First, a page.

9 Tips for Process Redesign in Retail

The retail sector has faced many challenges in recent years. The hangover left by the pandemic and supply chain issues was starting to clear, before inflationary pressures delivered another hammer blow to the sector at the beginning of last year. Increased costs for businesses, coupled with decreased consumer spending power have persisted, meaning it is essential that retailers look to optimise efficiency where possible. The big question then asks, how can this be achieved?

Well, process redesign – the evaluation and reengineering of the key activities and methods within an organisation – can streamline your entire business if completed correctly . If carried out for the wrong reasons, however, process redesign can be a costly exercise that bears little results. In this blog, we look at how you should answer 9 questions to ensure successful delivery of process optimisation, helping retailers to eliminate inefficiencies and lower costs, whilst protecting the customer experience and avoiding common pitfalls.  

 

1. What are you trying to achieve? 

It sounds simple, but what exactly are the drivers behind the redesign?

Putting in the effort upfront to determine this will obviously guide process engineering when it comes to it, but really questioning what you are trying to achieve ahead of commencing any analysis also provides the lens through which you can approach current processes. This could involve workshopping the problem statement or defining high-level benefits from the offset. Outcomes do not have to be quantified to begin with, nor do they have to be entirely fixed, but embarking on the work with some clear, concise objectives upfront will help to drive focus and engage stakeholders from the start. It is far easier to get to an answer once you know the exam question you’re trying to solve. 

2. What’s in it for the customer? 

Answering question one with “improved customer experience” is not enough. You need to be specific.

Ultimately it is the customer that makes any business tick. Efficient internal processes have minimal impact on overall business performance if they do not deliver this value to the end customer. The customer should therefore be at the centre of any process redesign efforts. Customers in the current retail market are highly mobile, with increasing CX demands. Any process redesign that doesn’t continually ask “what’s in it for the customer?” will deliver limp results.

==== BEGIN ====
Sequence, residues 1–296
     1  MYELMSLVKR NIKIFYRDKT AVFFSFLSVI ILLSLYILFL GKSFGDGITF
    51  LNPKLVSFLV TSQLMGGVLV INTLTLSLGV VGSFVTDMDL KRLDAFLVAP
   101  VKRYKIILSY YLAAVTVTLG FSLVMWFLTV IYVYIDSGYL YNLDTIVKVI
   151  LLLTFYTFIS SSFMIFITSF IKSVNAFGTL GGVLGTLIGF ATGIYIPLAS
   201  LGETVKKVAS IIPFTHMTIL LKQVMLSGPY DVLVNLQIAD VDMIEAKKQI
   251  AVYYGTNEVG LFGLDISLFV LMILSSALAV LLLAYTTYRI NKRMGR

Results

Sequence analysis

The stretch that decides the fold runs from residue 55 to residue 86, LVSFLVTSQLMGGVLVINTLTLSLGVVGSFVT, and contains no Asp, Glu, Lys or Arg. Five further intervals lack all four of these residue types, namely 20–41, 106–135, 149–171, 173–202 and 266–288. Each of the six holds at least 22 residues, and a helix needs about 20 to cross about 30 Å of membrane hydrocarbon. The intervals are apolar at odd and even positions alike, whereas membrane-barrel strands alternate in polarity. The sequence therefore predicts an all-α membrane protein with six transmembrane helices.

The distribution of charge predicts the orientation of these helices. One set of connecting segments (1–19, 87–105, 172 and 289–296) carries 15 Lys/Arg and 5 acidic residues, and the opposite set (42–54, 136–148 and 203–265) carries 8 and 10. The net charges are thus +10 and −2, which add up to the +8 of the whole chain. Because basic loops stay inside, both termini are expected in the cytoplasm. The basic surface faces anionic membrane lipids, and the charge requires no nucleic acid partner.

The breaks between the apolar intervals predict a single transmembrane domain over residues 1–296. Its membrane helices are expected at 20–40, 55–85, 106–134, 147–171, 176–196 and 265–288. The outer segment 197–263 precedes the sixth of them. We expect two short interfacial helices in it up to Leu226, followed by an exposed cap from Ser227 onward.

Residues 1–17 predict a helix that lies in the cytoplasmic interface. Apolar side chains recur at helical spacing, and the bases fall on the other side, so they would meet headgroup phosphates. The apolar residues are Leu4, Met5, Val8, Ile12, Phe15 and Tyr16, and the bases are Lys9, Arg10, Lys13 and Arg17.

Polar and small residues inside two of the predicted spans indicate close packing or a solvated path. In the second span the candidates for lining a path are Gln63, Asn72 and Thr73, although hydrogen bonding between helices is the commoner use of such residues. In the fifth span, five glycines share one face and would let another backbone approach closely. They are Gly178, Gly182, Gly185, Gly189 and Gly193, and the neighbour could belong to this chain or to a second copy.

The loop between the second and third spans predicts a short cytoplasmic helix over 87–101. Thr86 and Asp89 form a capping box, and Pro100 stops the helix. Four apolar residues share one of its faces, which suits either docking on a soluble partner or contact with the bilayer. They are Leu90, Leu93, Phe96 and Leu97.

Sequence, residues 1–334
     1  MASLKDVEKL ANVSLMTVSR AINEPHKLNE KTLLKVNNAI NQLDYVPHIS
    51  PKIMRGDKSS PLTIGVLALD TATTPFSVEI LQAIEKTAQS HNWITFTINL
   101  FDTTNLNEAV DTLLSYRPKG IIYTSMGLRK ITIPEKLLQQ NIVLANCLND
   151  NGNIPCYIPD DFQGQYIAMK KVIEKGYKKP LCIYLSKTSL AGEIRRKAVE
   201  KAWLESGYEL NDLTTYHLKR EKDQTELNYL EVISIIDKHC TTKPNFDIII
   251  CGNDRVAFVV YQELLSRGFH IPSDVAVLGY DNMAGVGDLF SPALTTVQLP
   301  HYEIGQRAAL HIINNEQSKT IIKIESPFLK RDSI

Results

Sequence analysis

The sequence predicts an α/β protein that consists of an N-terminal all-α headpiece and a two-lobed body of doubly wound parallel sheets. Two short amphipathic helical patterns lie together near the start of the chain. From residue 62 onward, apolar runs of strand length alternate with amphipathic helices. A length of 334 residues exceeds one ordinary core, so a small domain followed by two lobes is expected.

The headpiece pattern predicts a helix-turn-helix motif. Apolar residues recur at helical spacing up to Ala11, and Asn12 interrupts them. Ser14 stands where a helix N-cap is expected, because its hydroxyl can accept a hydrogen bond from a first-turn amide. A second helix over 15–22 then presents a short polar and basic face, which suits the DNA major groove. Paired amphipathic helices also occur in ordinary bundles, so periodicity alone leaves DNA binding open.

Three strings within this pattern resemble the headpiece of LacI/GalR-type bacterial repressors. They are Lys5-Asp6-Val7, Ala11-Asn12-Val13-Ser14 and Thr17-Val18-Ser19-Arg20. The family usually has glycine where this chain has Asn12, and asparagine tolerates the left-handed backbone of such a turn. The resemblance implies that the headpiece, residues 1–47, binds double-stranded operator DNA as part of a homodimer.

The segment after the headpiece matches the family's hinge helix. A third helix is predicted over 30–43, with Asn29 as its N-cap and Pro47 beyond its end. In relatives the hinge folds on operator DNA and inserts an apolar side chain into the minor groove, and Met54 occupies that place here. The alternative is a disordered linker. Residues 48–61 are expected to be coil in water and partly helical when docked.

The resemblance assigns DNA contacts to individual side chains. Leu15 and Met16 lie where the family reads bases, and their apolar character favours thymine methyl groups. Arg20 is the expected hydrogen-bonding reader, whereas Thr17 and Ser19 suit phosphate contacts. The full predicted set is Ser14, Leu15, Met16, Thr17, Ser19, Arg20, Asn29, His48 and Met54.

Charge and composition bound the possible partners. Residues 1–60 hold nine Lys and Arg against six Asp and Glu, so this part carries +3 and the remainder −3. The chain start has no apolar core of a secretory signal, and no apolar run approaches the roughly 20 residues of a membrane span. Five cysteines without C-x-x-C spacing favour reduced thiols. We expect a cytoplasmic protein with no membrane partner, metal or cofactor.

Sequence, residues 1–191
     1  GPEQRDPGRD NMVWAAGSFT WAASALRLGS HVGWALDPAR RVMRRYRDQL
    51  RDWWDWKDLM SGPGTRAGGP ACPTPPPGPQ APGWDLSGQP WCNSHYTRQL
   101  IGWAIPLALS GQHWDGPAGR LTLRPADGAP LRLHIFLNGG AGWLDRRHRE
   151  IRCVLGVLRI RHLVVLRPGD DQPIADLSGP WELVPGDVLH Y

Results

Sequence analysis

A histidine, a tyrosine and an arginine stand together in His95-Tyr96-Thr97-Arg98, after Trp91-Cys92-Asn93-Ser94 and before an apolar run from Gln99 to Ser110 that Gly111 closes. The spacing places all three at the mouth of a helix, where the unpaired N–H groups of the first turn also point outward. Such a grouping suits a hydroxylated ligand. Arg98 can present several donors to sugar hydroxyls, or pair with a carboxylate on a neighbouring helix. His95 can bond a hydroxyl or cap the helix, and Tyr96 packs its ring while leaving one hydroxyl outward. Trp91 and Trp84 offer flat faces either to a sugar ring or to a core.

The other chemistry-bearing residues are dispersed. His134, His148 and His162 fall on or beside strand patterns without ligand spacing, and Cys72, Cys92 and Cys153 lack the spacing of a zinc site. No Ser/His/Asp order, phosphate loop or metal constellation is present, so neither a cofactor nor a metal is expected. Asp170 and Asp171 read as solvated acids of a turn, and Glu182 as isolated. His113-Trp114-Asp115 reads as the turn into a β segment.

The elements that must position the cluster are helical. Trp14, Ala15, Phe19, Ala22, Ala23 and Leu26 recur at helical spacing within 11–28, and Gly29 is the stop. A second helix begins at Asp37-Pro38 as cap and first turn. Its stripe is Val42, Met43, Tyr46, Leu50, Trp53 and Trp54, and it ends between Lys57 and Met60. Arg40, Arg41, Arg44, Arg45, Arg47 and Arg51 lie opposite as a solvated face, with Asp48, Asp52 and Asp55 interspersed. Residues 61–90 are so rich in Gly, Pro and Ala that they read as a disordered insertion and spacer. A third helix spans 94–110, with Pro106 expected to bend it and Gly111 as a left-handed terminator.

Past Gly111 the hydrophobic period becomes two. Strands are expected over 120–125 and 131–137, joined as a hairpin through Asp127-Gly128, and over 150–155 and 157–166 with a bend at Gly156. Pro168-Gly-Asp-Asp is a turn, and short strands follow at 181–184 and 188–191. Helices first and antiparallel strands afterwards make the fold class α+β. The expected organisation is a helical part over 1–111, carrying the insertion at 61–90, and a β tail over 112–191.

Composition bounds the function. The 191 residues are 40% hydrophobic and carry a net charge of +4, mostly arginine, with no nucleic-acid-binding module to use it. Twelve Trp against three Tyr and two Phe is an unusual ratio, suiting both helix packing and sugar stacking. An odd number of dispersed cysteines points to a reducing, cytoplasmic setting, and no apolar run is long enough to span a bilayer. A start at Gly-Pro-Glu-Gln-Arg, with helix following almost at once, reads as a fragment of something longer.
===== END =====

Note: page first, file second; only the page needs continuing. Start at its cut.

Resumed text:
3. Who do you need to speak to? 

Whilst easy to gloss over, real thought and consideration should be put into this step. Engagement should be as broad as budgets and timelines allow, covering employees at all levels of the business and considering the full customer journey.

Managers will have a different perspective to those doing the day-to-day and therefore both should be consulted, separately if needs be. Process redesign can spark nervousness, so people need to feel comfortable and engaged – building trust across the whole business is essential to successfully identifying what needs to change. Often the best insights can come from those people who no one else stopped to ask.  

4. What is the as-is? 

Once you understand what you are trying to achieve in the future, and who needs to be involved, attention should turn to what is currently in place.

Do not redesign as you go. Instead, focus on gaining a comprehensive understanding of how tasks, information, and resources flow within your organisation. Encourage people to be as open as they can. Processes may be mapped, but is that what happens day-to-day? You should use a range of methods to evaluate the as-is, including interviews, shadowing, and data analysis. A fresh perspective can uncover some home truths that can drive success in your redesign.  

5. How will the redesign enable cross-functional collaboration? 

The best process redesigns break down silos and foster collaboration across departments.